With regard to depression and its relationship with the appearance of xerostomia, various studies have used different tests to evaluate the psychological condition, establishing a direct relationship between these variables, both with the appearance of the symptomatology and with its disappearance on the improvement of the depression (9,10).

Studies that evaluate the levels of cortisol in patients suffering from depression have shown variable results, with notable differences between these studies. While some authors indicate that a deficit in cortisol is related with chronic episodes of depression, others note that elevated levels of endogenous glucocorticoids may cause psychiatric disorders such as depression (14-16). These latter authors also indicate that older patients, a condition particularly related to xerostomia (17), and children are more vulnerable to the effects of high levels of glucocorticoids on brain function. In general terms, differences in salivary cortisol seem to exist between depressed patients and healthy individuals (15,18). For this reason, cortisol levels could be used as a biological marker for changes related to anxiety and depression, and although its predictive value is controversial, this possible relationship would be a relevant finding for the multidisciplinary management of these patients.

Based on the above, and due to the high prevalence of xerostomia in menopausal women with mood disorders, the purpose of this study was to evaluate if those patients with a subjective sensation of dry mouth presented modifications in salivary cortisol. In addition, and given the relationship

between this hormone and depressive states, to compare these patients with those who did not refer such a sensation. Therefore, the objectives we stated were: to evaluate the relationship between the rates of unstimulated salivary flow and the presence of xerostomia in menopausal women, and to determine the levels of salivary cortisol and its relationship with the sensation of a dry mouth.


Material and method

Thirty patients, with informed consent, were selected by non-probable sample from those attending our department. Two groups were formed, study and control, with 15 patients in each group. Selection criteria for the study group were: female, aged 45 or older, cessation of menstruation for at least 12 months, hormonal analysis compatible with menopause and a diagnosis of xerostomia (Table 1). The control group was constituted by patients meeting the same criteria with the exception of a diagnosis of xerostomia.

Exclusion criteria included all clinical symptoms of xerostomia produced by specific causes. Likewise, patients under treatment for xerostomia were also excluded; as were those taking natural or synthetic corticosteroids for prolonged periods due to the suppression of the hypothalamus-hypophysis-adrenal system produced (Table 2).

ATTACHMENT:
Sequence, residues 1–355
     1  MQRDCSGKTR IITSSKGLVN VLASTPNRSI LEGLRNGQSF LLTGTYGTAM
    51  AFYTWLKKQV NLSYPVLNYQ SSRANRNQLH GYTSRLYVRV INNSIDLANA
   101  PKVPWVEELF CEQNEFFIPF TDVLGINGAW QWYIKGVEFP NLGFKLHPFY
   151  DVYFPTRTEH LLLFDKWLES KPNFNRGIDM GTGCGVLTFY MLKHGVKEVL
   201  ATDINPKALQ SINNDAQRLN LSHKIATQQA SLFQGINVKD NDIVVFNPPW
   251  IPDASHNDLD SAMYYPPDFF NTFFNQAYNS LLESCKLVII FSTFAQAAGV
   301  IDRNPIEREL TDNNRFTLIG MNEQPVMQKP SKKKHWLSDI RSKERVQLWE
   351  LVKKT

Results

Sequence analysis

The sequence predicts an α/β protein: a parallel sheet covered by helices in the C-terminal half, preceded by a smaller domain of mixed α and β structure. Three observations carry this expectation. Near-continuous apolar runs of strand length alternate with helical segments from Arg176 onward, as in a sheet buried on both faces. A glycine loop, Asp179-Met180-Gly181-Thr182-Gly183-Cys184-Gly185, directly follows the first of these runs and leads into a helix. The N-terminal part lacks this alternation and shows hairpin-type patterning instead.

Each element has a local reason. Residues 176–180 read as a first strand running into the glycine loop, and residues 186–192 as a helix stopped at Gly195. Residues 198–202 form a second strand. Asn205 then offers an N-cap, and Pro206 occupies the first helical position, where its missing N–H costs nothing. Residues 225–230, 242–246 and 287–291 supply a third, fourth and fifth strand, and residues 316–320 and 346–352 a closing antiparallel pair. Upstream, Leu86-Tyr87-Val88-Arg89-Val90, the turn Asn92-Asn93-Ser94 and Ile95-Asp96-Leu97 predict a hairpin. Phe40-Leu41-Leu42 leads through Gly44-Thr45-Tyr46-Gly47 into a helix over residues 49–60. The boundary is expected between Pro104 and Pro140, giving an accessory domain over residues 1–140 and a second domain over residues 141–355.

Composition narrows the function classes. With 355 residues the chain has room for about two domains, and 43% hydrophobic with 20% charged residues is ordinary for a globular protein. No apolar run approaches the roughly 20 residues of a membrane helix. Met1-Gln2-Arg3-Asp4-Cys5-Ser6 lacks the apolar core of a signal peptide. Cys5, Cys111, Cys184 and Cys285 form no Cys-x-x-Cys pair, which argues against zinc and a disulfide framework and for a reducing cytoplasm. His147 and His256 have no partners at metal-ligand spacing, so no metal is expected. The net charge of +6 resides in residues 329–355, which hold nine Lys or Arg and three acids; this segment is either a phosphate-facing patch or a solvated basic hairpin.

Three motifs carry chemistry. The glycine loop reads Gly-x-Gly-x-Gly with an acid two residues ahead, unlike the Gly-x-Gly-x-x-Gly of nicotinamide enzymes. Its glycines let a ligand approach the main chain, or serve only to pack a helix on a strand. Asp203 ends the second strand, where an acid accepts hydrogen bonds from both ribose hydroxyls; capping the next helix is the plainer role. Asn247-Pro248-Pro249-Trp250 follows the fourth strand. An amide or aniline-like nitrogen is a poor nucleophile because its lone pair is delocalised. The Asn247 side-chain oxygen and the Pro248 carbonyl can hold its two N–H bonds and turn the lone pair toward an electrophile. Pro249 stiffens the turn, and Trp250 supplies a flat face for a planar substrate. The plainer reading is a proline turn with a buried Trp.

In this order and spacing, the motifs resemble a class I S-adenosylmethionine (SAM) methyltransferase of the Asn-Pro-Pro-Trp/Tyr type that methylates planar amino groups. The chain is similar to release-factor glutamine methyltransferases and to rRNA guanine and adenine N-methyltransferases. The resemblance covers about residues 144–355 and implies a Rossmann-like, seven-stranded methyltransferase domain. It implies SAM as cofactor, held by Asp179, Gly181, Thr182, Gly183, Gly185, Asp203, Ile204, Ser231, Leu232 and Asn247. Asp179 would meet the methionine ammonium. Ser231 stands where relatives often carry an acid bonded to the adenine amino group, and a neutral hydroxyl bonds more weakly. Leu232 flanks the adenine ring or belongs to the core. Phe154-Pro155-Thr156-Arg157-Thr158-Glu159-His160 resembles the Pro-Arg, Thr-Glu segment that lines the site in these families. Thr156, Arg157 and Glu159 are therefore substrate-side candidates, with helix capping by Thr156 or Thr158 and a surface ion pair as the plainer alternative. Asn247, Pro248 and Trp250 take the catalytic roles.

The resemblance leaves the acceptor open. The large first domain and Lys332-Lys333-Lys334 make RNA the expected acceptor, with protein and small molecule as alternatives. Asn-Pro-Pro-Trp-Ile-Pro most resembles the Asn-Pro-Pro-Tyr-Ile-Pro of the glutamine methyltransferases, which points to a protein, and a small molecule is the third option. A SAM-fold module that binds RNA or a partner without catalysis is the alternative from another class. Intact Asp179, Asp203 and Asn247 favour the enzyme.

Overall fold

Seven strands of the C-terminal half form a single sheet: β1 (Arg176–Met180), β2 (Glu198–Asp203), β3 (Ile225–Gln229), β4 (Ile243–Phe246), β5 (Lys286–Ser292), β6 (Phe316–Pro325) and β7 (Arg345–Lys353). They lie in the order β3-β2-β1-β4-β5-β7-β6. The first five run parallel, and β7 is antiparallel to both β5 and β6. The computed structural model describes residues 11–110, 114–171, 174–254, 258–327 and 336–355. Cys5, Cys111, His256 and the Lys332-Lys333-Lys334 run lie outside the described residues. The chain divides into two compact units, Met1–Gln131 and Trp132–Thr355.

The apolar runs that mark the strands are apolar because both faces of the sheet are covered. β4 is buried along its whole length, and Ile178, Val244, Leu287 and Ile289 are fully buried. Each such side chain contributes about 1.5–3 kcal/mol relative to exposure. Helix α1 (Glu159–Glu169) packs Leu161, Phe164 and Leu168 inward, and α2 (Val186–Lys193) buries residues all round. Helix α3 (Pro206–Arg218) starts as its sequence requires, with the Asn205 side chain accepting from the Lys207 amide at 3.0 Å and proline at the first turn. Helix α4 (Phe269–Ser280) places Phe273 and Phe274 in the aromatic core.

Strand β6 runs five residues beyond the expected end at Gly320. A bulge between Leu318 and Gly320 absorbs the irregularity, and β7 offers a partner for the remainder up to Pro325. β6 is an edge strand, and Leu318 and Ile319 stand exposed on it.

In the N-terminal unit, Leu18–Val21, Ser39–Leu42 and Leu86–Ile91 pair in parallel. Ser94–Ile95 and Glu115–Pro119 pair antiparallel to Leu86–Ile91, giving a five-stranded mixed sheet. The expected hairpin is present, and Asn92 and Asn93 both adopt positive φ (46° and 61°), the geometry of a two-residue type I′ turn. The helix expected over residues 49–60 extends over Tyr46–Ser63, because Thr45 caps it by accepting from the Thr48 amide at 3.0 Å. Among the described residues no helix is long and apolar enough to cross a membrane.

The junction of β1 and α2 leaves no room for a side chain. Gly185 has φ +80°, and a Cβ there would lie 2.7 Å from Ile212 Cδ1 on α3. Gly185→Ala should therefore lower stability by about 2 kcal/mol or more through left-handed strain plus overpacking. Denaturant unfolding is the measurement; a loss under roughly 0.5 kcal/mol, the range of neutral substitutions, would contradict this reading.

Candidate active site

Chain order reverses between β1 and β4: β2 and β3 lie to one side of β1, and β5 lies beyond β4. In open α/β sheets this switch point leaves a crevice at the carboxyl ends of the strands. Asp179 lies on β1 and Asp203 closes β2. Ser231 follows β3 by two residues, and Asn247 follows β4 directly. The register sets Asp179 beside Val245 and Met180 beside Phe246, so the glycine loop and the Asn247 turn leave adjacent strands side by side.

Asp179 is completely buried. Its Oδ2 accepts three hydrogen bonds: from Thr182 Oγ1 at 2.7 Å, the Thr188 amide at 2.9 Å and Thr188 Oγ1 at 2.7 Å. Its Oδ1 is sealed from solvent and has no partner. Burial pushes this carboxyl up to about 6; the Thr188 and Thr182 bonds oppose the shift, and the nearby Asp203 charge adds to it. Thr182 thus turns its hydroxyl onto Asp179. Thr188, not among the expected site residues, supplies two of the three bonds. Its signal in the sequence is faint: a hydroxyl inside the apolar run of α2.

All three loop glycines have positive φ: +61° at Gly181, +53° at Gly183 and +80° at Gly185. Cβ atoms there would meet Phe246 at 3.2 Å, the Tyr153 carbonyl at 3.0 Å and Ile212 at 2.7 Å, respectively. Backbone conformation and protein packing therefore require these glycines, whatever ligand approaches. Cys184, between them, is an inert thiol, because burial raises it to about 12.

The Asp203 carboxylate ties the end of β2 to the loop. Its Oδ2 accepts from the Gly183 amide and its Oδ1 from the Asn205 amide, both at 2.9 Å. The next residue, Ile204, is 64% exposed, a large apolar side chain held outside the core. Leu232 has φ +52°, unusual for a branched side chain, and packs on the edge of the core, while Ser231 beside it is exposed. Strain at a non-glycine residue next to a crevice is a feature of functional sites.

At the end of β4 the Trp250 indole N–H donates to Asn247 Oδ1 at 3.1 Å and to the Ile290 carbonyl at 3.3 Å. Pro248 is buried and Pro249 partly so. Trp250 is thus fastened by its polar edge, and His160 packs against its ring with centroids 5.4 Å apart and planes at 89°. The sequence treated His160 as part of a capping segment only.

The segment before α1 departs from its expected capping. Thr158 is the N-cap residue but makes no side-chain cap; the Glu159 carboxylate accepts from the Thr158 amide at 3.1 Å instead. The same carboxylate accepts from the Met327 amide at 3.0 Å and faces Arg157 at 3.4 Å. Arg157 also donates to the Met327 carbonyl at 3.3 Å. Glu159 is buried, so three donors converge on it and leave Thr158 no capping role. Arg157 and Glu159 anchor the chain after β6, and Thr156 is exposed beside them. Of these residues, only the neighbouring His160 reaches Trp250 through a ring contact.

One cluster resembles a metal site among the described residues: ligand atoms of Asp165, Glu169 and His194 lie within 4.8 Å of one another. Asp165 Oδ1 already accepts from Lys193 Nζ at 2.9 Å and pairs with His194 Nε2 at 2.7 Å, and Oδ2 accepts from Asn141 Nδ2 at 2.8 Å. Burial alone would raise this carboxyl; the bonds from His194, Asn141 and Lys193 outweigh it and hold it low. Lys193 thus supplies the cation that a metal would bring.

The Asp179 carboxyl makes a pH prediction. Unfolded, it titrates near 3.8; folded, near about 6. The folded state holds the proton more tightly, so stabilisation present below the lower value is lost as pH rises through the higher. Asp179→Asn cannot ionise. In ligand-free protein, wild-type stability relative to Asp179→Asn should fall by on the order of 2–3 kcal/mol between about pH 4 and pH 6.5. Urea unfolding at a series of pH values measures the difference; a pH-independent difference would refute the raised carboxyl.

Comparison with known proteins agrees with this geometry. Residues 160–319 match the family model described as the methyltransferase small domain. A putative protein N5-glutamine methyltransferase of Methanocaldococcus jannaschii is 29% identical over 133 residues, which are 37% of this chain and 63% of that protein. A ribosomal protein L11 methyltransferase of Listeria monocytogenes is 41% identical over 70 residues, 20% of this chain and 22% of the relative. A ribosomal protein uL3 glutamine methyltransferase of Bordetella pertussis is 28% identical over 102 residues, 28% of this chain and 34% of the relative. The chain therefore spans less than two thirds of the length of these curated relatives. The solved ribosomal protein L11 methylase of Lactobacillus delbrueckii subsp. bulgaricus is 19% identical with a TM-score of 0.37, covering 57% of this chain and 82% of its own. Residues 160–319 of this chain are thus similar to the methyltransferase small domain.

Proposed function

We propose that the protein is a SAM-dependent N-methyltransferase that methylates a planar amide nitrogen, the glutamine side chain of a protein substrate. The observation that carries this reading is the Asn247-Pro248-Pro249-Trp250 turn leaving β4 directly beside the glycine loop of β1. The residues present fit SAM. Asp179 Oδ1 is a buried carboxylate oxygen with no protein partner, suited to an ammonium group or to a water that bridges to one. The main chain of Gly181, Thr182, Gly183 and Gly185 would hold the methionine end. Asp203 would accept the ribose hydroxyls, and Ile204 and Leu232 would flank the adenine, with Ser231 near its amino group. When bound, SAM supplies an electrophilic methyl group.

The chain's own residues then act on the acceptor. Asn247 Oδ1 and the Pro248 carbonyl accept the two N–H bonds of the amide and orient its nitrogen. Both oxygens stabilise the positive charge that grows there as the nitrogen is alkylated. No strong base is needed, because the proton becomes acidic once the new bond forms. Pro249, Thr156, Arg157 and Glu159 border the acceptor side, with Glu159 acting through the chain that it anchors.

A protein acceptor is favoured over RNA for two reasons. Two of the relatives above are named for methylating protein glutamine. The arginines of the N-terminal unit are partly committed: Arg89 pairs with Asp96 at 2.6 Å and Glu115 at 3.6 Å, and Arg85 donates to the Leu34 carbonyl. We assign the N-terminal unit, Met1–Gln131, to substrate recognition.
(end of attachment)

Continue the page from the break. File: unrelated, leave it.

The salivary flow was measured for all patients included in the study. To obtain the samples of unstimulated salivary flow, specifically designed collection tubes graduated in millimeters were used, and labeled according to a system of letters and numbers, the letter indicated the group to which the patient belonged and the number indicating the order in which the samples were taken. Prior to taking the sample, the patient had a mouthwash of water in order to eliminate any possible detritus and so obtain a clean sample. The patient was then instructed to deposit at intervals all the saliva accumulated over a period of 5 minutes into the tube. Once the sample had been obtained it was allowed to settle, placing the tube in a test tube rack, in order to achieve a better reading of the saliva volume.

After taking the reading, the samples were sent to the laboratory where they were stored until the cortisol was determined. This was carried out using the ELISA technique (enzyme linked immunoabsorbent assay), the principal of which is based on the competition between the cortisol (antigen) and an enzyme-labeled antigen to bind with an antibody situated on the microplates. To carry out this assay, the specifically developed DiaMetra® kit for the detection of cortisol in saliva was used.

The statistical analysis was carried out on the data obtained using the SPSS 11.0 statistical package. For the comparison of both mean variables for each group the student’s t test was used. Due to the impossibility of eliminating from the study all those patients taking potentially xerostomizing medication, since this would create an insufficient sample size, a Pearson’s correlation coefficient and a multivariate analysis were made in order to analyze the above mentioned confusion factor. To this end the two groups were subdivided into 5 subgroups according to the particular medication being taken by each patient, numbered from 1 to 5 as follows: group 1 – anxiolytics, sedatives and hypnotics; group 2 – antihypertensives; group 3 – analgesics; group 4 – antidepressants; group 5 – others (bronchodilators, antihistamines).